But be forewarned, this new prosperity (if it materializes) will come at a price—a major sacrifice of independence. For in a value-added world, most of the technology will be owned and patented by the big companies. They will own and control the crops all the way through the entire production system, from the initial plant breeding, to the planting and growing in the fields, to harvesting and storage, and even on through processing, and maybe final delivery to end users. Farmers will have to plant, grow, harvest, store, and deliver according to their specifications and instructions. The large companies will own the crop, it will not be the farmer's. Thanks to the power of their patents, big companies will be "taking over" much of agriculture, in somewhat similar fashion to the way Microsoft and Intel pretty much control the personal computer industry. As a result, both seed companies and farmers will become increasingly "contract growers" for these giants.

And it is going to happen, whether we like it or not, because that is simply the way our capitalistic, patent-driven system works. Big-company technology "takeover" has occurred in every other industry I can think of. It is finally agriculture's turn to join the crowd. But if you want new technology to keep up with the rest of the world, that is probably the only way it will work. It costs $100 million, even more, to bring a new biotechnology product to the marketplace. No one can afford that cost, and associated risk, except for the biggest of international corporate giants. But, hopefully, farmers will finally get their share of this huge new cash flow. I can envision a prosperous, re-vitalized future for rural America as billions of new dollars flood into this value-added system. Small towns may start booming again, as pharmaceutical companies set up factories, testing, and storage facilities in order to process the valuable ingredients in all those hot new value-added crops. And I can even envision a strong, renewed future for the Land Grant universities and extension specialists as they help educate farmers, and set them up with farming systems so that they can profit from a value-added agriculture. But, first, the Land Grant universities and extension specialists will need to switch gears, and start teaching "farming for bottom-line profits" instead of "farming for surpluses." There is a danger here, however, for if rural America and its farmers simply wait for big business to beat a path paved with dollars to their door, they may get left behind. However, if they can figure out how to actively participate in this revolution, and go out and entrepreneurially grab their share of the pie, farming could become a very profitable business in the future. Perhaps, in this capitalistic system the choice is the farmer's. Maybe it has always been that way.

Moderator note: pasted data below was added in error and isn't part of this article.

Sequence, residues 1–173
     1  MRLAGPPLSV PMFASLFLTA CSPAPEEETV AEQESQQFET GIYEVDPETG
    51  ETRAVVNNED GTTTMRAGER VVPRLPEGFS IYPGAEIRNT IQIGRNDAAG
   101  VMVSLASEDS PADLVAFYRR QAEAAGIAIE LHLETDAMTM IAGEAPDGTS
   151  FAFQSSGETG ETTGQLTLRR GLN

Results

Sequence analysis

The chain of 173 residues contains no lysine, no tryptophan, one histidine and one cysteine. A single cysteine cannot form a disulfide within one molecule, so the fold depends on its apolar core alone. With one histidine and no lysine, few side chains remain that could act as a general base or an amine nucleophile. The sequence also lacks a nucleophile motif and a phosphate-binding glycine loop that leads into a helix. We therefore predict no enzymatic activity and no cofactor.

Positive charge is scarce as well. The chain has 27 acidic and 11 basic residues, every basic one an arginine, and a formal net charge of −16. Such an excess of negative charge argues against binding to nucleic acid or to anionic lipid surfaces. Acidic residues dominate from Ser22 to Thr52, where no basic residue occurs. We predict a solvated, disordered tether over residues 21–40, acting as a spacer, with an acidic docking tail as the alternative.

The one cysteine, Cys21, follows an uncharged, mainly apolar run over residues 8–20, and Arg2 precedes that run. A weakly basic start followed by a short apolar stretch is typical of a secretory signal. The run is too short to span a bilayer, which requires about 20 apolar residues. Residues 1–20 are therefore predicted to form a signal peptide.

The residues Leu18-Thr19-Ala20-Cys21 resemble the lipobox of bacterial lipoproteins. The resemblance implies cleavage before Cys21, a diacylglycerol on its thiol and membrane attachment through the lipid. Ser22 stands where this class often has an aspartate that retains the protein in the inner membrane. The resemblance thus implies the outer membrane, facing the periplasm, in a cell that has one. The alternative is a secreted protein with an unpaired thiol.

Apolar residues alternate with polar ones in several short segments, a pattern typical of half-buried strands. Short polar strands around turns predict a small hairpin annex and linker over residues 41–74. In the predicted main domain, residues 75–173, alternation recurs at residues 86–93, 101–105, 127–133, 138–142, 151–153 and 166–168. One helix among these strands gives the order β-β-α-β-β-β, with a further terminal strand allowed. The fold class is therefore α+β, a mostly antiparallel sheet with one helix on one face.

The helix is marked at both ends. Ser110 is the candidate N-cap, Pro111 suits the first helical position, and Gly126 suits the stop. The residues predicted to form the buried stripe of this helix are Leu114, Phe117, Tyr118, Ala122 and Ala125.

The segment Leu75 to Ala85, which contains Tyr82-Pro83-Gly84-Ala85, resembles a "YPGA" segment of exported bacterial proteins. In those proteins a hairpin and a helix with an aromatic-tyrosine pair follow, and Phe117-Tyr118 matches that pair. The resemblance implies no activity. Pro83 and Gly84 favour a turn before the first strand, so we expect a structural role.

Suggested citation: Freiberg, Bill. (1998). Will biotechnology bring prosperity to rural America? AgBioForum, 1(2), 76-77. Available on the World Wide Web: http://www.agbioforum.org.